In the latening 60s, I had started a poetry magazine, Dryad, with my friend Neil Lehrman — what a treat it was to publish a handful of Reed's poems. And then in 1982, I proposed to Reed that we publish a book with a large selection of new and older poems — that became The Feel of Rock. Reed gave me all his work and said, choose! I made the first selection and got in all my favorites! He then went through and said, you do not have any of the Shaggies. I was not crazy about them but we added a few, many of which were to appear in The Washington Post Outlook section. I came to enjoy them greatly. Here is one for you, whether in or out of academic life, The Sad Committee Shaggy:

In good ole day ze king need no committee.
Was nize.
Him says, them does; him sells, them buys.
Good system.
But then come big push make king of guys.
So king buy chairs, say me no king me chairman.
So knocked off paradize.

While Reed retired from university teaching in the 80s, he didn't retire from teaching -- he was invited to be writer in residence at different universities and also taught at The Writer's Center in Bethesda. Nor did he retire from writing. Not only poetry but two books on biography, Pure Lives: The Early Biographers and Whole Lives: Shapers of Modern Biography, both from Johns Hopkins University Press — of these, Sherwin Nuland wrote, "they are two of the finest books on the art of biography that I have ever read."

A third book followed, Six Literary Lives: The Shared Impiety of Adams, London, Sinclair, Williams, Dos Passos, and Tate.

"Impiety" means a lack of reverence for what is supposed to be respected — to be impious for Reed meant to question the status quo and what passes for informed opinion. It is what Reed shared with those writers he singled out in Six Literary Lives. It is what led him to organize poetry readings against the Vietnam War.

I want to say a final word (for now) -- Reed has often been characterized as a poet of satire and comic wit. He was that, certainly, and thank goodness! At the same time, his work was touched by the deeper unnameable feelings -- that was implied by the title we chose for the book of selected poetry from Dryad Press, The Feel of Rock. Emily Dickinson wrote that she shunned people because they talked of hallowed things aloud and embarrass my dog. Reed's work often visited those hallowed things, from which he made lasting poems — but he stepped lightly. Here, for example, are lines from "Still Life":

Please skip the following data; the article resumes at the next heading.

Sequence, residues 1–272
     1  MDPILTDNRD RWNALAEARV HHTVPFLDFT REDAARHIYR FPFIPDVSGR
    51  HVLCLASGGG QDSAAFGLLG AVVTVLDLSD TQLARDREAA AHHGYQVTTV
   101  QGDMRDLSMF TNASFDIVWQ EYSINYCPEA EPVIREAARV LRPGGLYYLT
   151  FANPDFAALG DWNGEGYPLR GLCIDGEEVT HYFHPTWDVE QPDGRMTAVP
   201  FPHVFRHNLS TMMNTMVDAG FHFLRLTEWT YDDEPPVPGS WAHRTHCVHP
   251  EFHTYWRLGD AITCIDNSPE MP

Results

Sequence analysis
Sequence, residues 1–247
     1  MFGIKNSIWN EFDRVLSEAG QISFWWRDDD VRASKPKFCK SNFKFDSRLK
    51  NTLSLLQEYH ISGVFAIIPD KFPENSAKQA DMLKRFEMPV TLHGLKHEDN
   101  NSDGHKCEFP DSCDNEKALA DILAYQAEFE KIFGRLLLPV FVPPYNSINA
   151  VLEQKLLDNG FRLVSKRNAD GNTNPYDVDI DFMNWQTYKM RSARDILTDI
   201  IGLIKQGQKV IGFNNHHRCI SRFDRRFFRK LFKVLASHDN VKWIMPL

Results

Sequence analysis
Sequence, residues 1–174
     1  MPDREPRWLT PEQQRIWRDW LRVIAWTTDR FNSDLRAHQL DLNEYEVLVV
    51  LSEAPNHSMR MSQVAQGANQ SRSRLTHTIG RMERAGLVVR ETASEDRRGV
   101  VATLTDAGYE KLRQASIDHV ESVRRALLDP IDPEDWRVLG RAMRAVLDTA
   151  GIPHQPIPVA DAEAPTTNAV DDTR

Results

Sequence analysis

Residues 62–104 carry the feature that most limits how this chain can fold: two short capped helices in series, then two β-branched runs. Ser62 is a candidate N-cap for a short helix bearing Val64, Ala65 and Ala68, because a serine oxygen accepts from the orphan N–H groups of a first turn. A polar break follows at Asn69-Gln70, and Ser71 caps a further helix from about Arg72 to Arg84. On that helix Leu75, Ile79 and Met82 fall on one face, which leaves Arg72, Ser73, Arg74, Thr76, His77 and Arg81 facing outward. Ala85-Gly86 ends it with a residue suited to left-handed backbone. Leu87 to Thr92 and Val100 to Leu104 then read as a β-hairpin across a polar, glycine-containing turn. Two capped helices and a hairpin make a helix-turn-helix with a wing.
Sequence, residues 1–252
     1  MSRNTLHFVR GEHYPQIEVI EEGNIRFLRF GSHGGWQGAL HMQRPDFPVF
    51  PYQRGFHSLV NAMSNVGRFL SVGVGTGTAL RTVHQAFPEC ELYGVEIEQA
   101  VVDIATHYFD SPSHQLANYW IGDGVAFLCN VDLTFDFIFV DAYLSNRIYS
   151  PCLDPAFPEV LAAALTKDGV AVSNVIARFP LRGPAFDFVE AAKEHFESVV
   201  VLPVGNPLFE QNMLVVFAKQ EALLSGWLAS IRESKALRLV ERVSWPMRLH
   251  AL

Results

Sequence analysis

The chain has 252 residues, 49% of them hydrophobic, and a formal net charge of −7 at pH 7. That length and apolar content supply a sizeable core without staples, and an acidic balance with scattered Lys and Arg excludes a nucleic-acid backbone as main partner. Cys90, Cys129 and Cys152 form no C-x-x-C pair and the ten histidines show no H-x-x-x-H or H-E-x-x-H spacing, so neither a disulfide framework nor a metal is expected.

I must explain why it is that at night in my own house,
Even when no one's asleep, I feel I must whisper.
Thoreau and Wordsworth could call it an act of devotion;
Others would call it fright. It is probably
Something of both. In my living room there are matters
I'd rather not meddle with
Late at night.

And here is "Inventory":

To pass through the season of loss and emerge with a good suit
Is to thank God
And take inventory.

  The season of waiting is slow.
The clouds hang listlessly.
Where the path bends into the woods
From the meadow
The light is a half light,
And one looks to the north to the hills,
Which are blue.
I will carry the meadow view
Back to the city.

But the woods are close. They crowd in officiously,
Shutting the heavens out.
One sits in the sullenness
With spiders.

I think that before I die I would like to live
In my good suit
In the meadow.

I did not intend to write at such length — I'll conclude with thoughts by Garrison Keillor, who wrote a substantial foreword to Against the Grain, and then one of Reed's most anthologized poems: “Reed Whittemore owns the only sort of immortality that matters to a writer, which is to have written things that people remember years later . . . What makes R.W. permanently readable and relevant is his wit and humor, which is the underground spring that keeps the gardens of American literature green . . . . It is what makes Mark Twain readable. And also Sweets Whittemore.

And now "Clamming":

I go digging for clams once very two or three years
Just to keep my hand in (I usually cut it),
And whenever I do so I tell the same story
Of how at the age of four I was trapped by the tide
As I clammed a sandbar. It's no story at all
But I tell it and tell it; it serves my small lust
To be thought of as someone who's lived.
I've a war too to fall back on, and some years of flying,
As well as a high quota of drunken parties,
A wife and children; but somehow the clamming thing
Gives me an image of the louder events: me helpless,
Alone with my sandpail,
As fate in the form of soupy Long Island sound
Comes stalking me.

I've a son now at that age.
He's spoiled, he's been sickly.
He's handsome and bright, affectionate and demanding.
I think of the tides when I look at him.
I'd have him alone and sea-girt, poor little boy.
And pass on the weeping, keep the thing going.

The self, what a brute it is. It wants, wants.
It will not let go of its even most fictional grandeur
But must grope, grope down in the muck of its past
For some little squirting life and bring it up tenderly
To the lo and behold of death, that it may weep

                         Son, when you clam,
Watch out for the tides and take care of yourself,
Yet no great care,
Lest you care too much and brag of the caring
And bore your best friends and inhibit your children and sicken
At last into opera on somebody's sandbar. Son, when you clam,
Clam.

Merrill Leffler